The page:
How to Spot a Covert Narcissist

Photo by Julian Paul on Unsplash

Unfortunately, many people do not realize that they have been under the sway of a covert narcissist until it is too late. By the time they recognize it, they have lost their job, their spouse, their self-worth, and their trust in humanity, to name a few possible effects after the Great Discard. The following are a few ways to identify covert narcissism before it is too late:

Procrastination: A CN will show up late or not at all to an event that is important to you. They show you time and again that you are not important to them. When you ask about it, they make excuses or place the blame on you.

-Pretend to be virtuous: A CN will go out of his or her way to look virtuous, often engaging in what look like saintly acts, but are done only for self-gain. They will donate to charity, be amazingly sweet with vulnerable people, and tip when people are looking. When there is no one to admire them, they will snub and ignore those same people and charities.

Fish for compliments: A CN will put themselves down, and then pause so that others can prop up their fragile egos by complimenting them.

-History of failed relationships: CNs often leave behind a string of failed marriages, abandoned friendships, and relationship chaos seems to follow them wherever they go.

-Feeling of being special: CNs ooze out that feeling in a room that they are gifted with intuition, understanding, healing power, knowledge, academic intelligence, compassion, etc. and other people “just don’t understand.” Their emotions become their truth and won’t let logic and facts get in the way of their false narrative.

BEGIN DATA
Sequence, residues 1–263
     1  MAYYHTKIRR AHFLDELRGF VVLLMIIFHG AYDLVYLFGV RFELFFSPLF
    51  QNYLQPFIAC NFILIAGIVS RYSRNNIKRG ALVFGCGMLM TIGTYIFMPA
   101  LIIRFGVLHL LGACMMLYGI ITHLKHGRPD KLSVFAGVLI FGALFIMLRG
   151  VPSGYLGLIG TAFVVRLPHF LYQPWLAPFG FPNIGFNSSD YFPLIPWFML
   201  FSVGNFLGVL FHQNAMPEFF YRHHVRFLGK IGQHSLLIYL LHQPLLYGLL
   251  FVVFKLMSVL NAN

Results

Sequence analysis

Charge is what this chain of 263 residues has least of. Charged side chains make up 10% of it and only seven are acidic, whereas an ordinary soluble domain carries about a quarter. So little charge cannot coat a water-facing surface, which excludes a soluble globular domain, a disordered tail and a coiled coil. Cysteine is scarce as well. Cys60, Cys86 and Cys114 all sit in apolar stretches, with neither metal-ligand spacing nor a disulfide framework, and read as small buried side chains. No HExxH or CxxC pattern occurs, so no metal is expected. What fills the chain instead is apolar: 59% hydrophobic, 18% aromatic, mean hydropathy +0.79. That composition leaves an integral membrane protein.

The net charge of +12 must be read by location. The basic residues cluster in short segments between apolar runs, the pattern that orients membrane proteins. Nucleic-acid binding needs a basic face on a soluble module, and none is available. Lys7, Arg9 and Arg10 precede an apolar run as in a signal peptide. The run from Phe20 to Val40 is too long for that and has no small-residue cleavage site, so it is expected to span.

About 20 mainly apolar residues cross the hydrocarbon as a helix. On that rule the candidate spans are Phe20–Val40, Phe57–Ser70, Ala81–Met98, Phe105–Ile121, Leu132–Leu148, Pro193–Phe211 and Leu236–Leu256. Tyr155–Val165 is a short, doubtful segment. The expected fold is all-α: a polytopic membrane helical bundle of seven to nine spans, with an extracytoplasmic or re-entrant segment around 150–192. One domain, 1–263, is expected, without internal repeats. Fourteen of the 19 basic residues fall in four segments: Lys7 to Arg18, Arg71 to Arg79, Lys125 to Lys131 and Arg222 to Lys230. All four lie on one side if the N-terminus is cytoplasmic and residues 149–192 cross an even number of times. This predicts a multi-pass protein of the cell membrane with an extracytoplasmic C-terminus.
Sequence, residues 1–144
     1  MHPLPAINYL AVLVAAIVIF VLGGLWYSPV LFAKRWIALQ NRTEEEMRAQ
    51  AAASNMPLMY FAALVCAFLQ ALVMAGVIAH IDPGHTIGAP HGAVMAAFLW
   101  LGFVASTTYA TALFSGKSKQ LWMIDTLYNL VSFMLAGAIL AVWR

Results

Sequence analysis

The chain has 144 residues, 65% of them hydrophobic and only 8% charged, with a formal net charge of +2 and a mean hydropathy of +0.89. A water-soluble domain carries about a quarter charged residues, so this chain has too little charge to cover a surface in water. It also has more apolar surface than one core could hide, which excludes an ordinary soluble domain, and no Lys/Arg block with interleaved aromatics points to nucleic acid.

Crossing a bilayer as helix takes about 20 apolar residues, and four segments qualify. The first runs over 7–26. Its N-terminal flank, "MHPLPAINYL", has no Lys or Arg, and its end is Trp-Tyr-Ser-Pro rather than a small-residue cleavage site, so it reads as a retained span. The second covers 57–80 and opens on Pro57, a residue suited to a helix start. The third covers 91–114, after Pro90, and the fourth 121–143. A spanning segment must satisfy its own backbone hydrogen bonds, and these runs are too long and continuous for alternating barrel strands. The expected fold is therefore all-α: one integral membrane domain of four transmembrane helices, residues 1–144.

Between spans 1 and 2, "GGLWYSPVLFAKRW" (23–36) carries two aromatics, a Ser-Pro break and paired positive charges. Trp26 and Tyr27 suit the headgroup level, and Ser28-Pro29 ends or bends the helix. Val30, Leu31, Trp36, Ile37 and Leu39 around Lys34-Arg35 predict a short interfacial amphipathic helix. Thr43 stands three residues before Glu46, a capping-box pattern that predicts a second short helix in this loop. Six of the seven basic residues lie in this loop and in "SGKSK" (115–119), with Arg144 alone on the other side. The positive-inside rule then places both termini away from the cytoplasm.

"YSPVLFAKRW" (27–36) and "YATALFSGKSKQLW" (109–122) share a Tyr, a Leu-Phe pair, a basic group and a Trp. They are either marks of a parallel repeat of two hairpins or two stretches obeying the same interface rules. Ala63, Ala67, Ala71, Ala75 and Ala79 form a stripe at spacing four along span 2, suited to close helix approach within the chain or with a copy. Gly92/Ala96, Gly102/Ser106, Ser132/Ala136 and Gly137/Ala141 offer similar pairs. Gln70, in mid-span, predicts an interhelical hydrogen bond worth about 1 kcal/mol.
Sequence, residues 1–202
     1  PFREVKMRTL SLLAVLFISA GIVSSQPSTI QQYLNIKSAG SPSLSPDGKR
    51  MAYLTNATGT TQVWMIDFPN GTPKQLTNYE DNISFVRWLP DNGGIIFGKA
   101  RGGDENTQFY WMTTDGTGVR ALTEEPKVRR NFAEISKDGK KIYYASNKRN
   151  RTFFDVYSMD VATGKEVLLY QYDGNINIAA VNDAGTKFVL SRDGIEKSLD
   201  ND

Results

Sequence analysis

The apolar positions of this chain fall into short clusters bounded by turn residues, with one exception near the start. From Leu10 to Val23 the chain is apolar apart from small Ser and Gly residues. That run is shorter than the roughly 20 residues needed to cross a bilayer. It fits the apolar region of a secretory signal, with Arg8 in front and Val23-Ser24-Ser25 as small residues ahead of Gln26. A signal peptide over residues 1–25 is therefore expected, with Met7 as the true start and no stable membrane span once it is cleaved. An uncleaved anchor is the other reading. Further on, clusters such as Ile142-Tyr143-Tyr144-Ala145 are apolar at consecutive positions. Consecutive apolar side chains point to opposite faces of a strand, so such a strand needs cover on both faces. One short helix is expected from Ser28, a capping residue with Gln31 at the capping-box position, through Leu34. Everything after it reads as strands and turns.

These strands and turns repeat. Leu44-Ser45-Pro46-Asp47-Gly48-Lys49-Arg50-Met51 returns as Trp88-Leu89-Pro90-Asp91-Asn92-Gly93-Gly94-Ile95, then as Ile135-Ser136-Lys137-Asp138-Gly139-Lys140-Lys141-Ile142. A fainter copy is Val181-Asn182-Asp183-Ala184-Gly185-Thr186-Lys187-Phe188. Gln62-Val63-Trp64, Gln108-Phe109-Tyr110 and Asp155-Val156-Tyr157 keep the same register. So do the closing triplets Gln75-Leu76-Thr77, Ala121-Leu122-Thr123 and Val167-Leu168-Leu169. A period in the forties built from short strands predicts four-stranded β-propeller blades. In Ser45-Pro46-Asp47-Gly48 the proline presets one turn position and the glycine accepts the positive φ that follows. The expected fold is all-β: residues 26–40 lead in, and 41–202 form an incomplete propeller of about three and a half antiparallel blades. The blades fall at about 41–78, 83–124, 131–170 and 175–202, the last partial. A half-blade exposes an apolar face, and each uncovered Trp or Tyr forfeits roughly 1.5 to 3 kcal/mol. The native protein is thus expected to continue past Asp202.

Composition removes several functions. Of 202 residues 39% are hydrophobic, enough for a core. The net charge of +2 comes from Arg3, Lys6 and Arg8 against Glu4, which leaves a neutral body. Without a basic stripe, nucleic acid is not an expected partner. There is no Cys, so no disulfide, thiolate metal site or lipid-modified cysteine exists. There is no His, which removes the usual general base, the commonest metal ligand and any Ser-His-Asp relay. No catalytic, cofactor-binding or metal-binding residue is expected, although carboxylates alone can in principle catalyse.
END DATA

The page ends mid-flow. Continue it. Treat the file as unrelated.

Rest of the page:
Lack of attention: When a CN does not feel that something is to their advantage they show their boredom and lack of concern in a myriad of ways. They may yawn during a heartfelt talk, have a glazed over look when you present an important concern, appear distracted, and even start looking at their screen when you try to engage them.

-Manipulation of information and triangulation: If you start to notice that the facts just don’t add up, or that you are told one version of a story by the CN and another person is told a completely opposite version of the story, chances are good that you and the other person have been played by the CN. A CN likes to feel special by sharing “secret information” with other people, telling them the version they think that person wants to hear. When the two victims finally talk to each other (and the CN will do a lot to prevent this!) there is a lot of misunderstanding, confusion, and a strong feeling of betrayal and lack of trust.

-Perpetual victimhood: CNs always have great, believable sob stories. Like the Joker in the Batman move, they change their story based upon who is hearing it and what they believe is most likely to move the listener. If one were to do more research into the story (which the CN will do everything possible to keep you from doing!), one would find a significant amount of embellishing, outright lies, and shaming of others who don’t deserve it. That is one reason why CNs are so adamant on controlling the narrative, and keeping the facts from others. They are not above lying to control others’ perception of themselves as the heroes and significant others as villains.

If you think that you might be in a toxic relationship with a CN, don’t despair. The hardest part is identifying the problem. Once you have identified that you are dealing with a CN in your life, you can take action to heal yourself, arrive at the truth, get support, and set good boundaries. Because you are worth it.